Kansas GOP Lawmaker Leaves Party, Says Republicans Don't Support Public Education Enough

A Kansas lawmaker said she abandoned the Republican Party to become a Democrat because of her former party's stance on public education funding.

"I took the step because House and Senate leadership made the determination to completely scrap an education plan that had Kansas on the road to recovery and, I believe, eventual financial prosperity for people in my legislative district," state Representative Stephanie Clayton said Monday while speaking on CNN, The Hill reported.

"I believe that [switching parties] will help me change things, primarily because there is a lot more room in the Democratic Party for those who support public education," she said.

Clayton has served in the Kansas Legislature since 2013.

State Senator Barbara Bollier abandoned the GOP earlier in December. Clayton and Representative Dinah Sykes left the party shortly afterward, according to The Wichita Eagle.

Delegates from Kansas take part in a roll call in support of Donald Trump on the second day of the Republican Convention on July 19, 2016. Jeff Swensen/Getty Images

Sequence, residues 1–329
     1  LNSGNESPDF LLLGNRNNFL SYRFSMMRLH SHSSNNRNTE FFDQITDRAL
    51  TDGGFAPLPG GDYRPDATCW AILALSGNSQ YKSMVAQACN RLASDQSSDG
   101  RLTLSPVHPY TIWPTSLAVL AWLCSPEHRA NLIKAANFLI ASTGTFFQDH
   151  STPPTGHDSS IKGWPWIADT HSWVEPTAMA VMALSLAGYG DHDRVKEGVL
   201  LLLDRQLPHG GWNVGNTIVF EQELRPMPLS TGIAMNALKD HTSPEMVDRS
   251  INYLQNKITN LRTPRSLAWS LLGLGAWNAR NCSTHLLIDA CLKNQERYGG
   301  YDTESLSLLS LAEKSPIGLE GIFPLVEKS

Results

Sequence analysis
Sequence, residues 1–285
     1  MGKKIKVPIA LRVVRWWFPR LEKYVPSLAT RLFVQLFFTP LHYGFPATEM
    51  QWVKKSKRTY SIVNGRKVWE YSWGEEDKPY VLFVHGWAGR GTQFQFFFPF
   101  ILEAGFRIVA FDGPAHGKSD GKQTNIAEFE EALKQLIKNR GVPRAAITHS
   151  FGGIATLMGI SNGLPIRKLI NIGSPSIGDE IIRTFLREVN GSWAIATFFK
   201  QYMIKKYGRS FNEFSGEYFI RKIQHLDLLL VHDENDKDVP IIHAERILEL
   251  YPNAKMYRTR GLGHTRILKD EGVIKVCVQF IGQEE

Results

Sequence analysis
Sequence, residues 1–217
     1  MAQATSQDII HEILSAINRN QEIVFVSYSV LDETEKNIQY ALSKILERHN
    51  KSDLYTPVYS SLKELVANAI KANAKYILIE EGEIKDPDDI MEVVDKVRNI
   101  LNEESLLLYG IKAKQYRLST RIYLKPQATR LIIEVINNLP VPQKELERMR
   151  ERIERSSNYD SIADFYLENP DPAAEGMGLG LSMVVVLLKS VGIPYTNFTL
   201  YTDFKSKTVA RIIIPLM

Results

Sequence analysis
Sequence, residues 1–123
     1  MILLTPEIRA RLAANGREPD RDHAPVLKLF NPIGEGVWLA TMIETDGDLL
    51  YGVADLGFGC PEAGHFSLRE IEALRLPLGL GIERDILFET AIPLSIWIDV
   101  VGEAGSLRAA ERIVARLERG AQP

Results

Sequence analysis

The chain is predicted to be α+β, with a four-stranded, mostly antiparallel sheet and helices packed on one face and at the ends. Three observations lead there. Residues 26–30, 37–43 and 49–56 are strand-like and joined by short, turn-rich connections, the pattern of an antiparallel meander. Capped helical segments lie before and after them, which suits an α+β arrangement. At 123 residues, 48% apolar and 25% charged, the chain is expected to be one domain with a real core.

Former Kansas Governor Sam Brownback slashed public programs in the state through tax cuts that were intended to catalyze economic expansion. Instead, job growth lagged below the national average, and the deficit sharply increased.

The Brookings Institution called the effort "one of the cleanest experiments for measuring the effects of tax cuts on economic growth in the U.S." It also said that "the experiment in Kansas has important implications for federal tax reform, the first being not to expect tax cuts to boost the economy much, if at all."

In 2017, the state's Supreme Court ruled that the state's funding of public education was unconstitutionally low, saying that the inadequate spending particularly affected racial minorities and poor students, The New York Times reported.

In June, the court mostly approved a plan to increase yearly spending by $522 million over a period of five years but also noted that legislators did not consider the price of inflation, which could add an annual $90 million, according to The Wichita Eagle.

Earlier this month, Republican House and Senate leaders said that they might have to restart discussions over how to pay for state education. The announcement prompted dissent from some lawmakers, including those who left the party.

"I am a moderate person who represents a moderate and pragmatic district that expects me to focus on issues and solutions that impact their day-to-day lives. Increasingly, I see the Republican Party focusing on issues and approaches that divide our country. I do not agree with that approach," Sykes said.

Kansas GOP Lawmaker Leaves Party, Says Republicans Don't Support Public Education Enough | U.S.